Van and lorry drivers are more likely to be caught exceeding the speed limit on Scottish roads than any other kind of road users.
That’s according to an unpublished study from Transport Scotland, which compiled the speeds of 11 million vehicles on single and dual carriageways.
Minutes of a Transport Scotland road safety group meeting that discussed the report stated: “The main finding was that HGVs [heavy goods vehicles – over 3.5 tonnes]/large vans showed the least compliance, making this an enforcement issue.”
The Scotsman newspaper reported that police chiefs claimed that the issue was partly down to drivers hiring vans and being ignorant of their speed limits.
Superintendent Louise Blakelock, Police Scotland’s deputy head of road policing, told the meeting it was working with vehicle hire firms to better educate drivers on the different speed limits.
Car-derived vans weighing less than two tonnes have the same speed limits as cars. However, for larger goods vehicles, speed limits are different, with larger vans and lorries up to 7.5 tonnes being limited to 50mph on single carriageways, 60mph on dual carriageways and 70mph on motorways.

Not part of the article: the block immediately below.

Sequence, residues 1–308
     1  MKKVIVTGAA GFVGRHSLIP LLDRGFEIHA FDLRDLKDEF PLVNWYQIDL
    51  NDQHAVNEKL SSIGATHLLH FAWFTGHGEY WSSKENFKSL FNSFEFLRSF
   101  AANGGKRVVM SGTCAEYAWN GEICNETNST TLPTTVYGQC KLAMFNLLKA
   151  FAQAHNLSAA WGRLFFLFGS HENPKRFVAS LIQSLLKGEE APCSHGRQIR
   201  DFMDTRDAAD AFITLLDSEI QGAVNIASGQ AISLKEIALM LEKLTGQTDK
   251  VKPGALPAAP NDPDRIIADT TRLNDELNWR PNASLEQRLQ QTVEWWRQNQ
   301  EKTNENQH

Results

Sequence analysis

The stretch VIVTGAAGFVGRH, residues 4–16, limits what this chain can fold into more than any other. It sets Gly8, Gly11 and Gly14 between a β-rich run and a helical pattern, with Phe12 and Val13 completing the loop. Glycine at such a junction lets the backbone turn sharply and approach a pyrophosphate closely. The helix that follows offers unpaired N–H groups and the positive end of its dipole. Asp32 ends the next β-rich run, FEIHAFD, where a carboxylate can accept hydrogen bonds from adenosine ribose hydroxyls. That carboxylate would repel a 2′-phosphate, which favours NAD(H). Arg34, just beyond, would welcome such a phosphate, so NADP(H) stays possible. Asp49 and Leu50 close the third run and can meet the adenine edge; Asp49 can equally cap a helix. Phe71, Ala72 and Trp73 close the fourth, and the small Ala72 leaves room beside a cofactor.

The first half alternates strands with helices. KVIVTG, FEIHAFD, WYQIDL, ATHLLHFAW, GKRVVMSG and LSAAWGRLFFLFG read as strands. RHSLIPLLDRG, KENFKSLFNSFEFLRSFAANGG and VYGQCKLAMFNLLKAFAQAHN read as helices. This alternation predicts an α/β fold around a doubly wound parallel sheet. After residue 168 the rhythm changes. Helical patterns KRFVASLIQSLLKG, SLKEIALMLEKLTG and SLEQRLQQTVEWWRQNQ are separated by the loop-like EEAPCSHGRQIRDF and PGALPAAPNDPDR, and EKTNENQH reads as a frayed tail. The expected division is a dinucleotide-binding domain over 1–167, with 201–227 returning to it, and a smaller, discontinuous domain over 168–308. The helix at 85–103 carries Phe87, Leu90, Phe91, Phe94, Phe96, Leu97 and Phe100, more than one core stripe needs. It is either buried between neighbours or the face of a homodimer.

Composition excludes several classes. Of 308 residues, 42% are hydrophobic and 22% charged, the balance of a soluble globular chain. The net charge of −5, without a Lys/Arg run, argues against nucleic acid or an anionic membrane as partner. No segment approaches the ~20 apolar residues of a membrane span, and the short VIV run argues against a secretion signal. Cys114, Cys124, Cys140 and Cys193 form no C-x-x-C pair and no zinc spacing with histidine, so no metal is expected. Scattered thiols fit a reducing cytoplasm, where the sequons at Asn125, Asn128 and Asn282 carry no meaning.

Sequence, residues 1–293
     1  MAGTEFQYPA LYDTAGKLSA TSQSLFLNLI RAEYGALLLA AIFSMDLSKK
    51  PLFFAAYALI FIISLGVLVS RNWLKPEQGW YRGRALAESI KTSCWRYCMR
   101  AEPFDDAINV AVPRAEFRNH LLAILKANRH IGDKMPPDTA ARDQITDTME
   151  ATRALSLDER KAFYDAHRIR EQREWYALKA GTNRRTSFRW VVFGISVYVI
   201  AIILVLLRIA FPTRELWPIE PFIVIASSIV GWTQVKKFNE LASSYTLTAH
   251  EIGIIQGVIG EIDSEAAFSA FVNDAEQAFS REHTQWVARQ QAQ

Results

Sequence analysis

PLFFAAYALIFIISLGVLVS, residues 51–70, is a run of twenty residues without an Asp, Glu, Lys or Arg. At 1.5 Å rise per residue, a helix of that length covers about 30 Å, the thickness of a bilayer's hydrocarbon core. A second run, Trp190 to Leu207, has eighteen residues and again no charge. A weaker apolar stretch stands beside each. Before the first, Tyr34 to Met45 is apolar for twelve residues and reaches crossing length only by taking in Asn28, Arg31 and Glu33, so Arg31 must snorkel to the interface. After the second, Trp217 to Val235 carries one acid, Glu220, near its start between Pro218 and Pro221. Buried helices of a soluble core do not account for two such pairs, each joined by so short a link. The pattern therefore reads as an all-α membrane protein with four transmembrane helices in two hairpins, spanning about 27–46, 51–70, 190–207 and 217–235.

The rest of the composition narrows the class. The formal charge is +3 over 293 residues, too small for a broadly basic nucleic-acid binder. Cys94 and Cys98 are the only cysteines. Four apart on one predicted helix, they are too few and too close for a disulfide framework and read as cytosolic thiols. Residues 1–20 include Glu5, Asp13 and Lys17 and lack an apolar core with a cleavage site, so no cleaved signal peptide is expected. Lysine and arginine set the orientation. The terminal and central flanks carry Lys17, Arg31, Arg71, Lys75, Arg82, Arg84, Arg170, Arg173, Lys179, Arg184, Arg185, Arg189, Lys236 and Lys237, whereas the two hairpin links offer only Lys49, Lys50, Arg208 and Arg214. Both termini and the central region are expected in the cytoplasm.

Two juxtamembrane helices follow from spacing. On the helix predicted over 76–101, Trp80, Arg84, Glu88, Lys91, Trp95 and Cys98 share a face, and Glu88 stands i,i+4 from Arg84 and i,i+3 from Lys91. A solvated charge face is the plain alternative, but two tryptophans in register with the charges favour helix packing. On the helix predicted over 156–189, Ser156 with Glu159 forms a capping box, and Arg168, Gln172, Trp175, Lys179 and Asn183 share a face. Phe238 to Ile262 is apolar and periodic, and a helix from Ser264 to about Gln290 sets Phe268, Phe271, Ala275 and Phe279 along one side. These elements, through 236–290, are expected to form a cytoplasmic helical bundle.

In Scotland, lorries over 7.5 tonnes have their speed capped at 40mph on single carriageways – apart from the A9 – rising to 50mph on dual carriageways and 60mph on motorways.
It emerged earlier this month that only 29 per cent, or 50, of Scotland’s fixed speed cameras are currently operational.
Ignorance not good enough
Neil Greig, director of policy and research at road safety charity IAM RoadSmart, said ignorance is one of the most common excuses drivers give to speed camera officials, and he believes it isn’t good enough.
He commented: “Ignorance by professional drivers is not acceptable, but if they are just thrown the keys of a Transit having only ever driven a Fiesta it’s no surprise there are problems.”
A Transport Scotland spokesperson said work was already underway to better understand average speeds by vehicle and road type at a small number of Scottish locations.
Ben Robb, brand manager at Dieselink, adds: “Hire companies should be stepping up to the plate and being more rigorous in pointing out speed restrictions to drivers hiring their vehicles.
“However, the lion’s share of the blame must lie with whoever is sitting behind the steering wheel.”